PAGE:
Three big movies are opening this weekend: “Invictus,” “A Single Man,” and “The Lovely Bones.” The first two are excellent and not to be missed. The third is a strange curiosity. But they have one thing in common: great supporting performances destined for the Academy Awards.
Julianne Moore is just amazing as Charley, the best friend and British ex-pat who lives next door to Colin Firth in “A Single Man.” If anyone’s ready for an Oscar it’s Moore, and I predict that, with Firth, she will wind up in the top five and could even win (both of them). Moore’s Charley could almost be the wife or cousin of Jared Harris’s character on “Mad Men.” Abandoned by her wealthy husband and her grown kids, Charley is left to drink, dance and smoke in her 1962 Santa Monica retreat. She’s a great drunk, almost like one of the women from “Absolutely Fabulous.” She’s also incredibly sad. When she dances with Firth to Booker T & the MGs, and tries without luck to seduce her gay friend, you really feel for her. Moore’s main scene with Firth is so memorable and key that when she closes the door to her house as he leaves, you want to applaud.
Matt Damon was so good in Steven Soderbergh’s not totally cooked, “The Informant!” If the movie had been better Damon would be up for a lead actor Oscar. But it’s not, so we turn to “Invictus.” Damon is pumped up and buff as South African rugby captain Francois‘Pienaar. He’s also got the accent down so perfectly ‘ and apparently the rugby, too ‘ that you forget Damon isn’t a blond, white South African. Damon’s trajectory from “Good Will Hunting” to here is astonishing. He’s never embarrassed himself, and has chosen roles with a consistent approach. Without being showy, he’s become a dependable Hollywood star in the old sense. And he can handle sensitive material, comic, and action of course (See under “Bourne.”) Morgan Freeman has an easier time in “Invictus” because we know a lot about Nelson Mandela. In a script that doesn’t do much to flesh out characters, Damon creates Pienaar from nothing, and holds up his end of the film beautifully.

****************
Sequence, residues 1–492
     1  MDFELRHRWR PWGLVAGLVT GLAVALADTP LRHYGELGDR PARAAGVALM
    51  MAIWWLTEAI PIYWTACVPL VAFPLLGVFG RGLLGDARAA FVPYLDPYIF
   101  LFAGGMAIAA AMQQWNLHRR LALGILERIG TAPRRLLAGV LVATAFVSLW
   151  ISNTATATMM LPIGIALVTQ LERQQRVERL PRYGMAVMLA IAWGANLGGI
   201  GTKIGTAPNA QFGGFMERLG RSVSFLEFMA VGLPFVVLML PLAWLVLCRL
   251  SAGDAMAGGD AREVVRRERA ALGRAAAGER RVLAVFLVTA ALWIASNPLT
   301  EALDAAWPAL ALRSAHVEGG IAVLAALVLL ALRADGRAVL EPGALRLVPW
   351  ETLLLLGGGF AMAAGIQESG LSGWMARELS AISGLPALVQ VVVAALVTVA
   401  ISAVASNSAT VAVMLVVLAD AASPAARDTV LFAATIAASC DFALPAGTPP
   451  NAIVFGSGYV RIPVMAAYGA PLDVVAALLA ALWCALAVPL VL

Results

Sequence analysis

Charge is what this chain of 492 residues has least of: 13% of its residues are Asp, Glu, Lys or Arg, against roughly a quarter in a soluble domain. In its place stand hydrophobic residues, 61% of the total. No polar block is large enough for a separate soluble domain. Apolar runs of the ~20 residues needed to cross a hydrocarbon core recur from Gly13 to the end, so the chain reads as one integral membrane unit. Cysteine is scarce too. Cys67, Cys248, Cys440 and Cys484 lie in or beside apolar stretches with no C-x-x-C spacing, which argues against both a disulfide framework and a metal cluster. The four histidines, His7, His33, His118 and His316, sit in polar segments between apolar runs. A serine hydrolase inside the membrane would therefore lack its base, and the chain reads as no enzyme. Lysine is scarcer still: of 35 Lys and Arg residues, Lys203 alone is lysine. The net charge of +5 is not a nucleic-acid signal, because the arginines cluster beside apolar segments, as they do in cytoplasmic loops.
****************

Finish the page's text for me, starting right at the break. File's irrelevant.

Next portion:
Stanley Tucci is the killer in “The Lovely Bones.” I’m not giving anything away since we’re told this up front. But Tucci’s two supporting roles this year ‘ ‘the other as Paul Child in “Julie & Julia” ‘ suddenly establishes him as the go to guy. This follows his great work in “The Devil Wears Prada.” In “Bones,” a not great cup o’crazy movie, Tucci is just creepy and understated enough to scare the bejeezus out of us. He’s evil but you can’t take your eyes off of him. It’s hard to say that anyone can beat Christoph Waltz from “Inglourious Basterds” for Best Supporting Actor, but Tucci and Damon give it their best shots.
And let’s not forget Patricia Clarkson from Woody Allen’s “Whatever Works.” Sony Pictures Classics isn’t doing much for her as the Allen film wasn’t a big hit. But Clarkson is worth the price of renting the film and fast forwarding in about 40 minutes. She’s a total comic delight, as good if not better, than many of Woody’s Oscar-winners.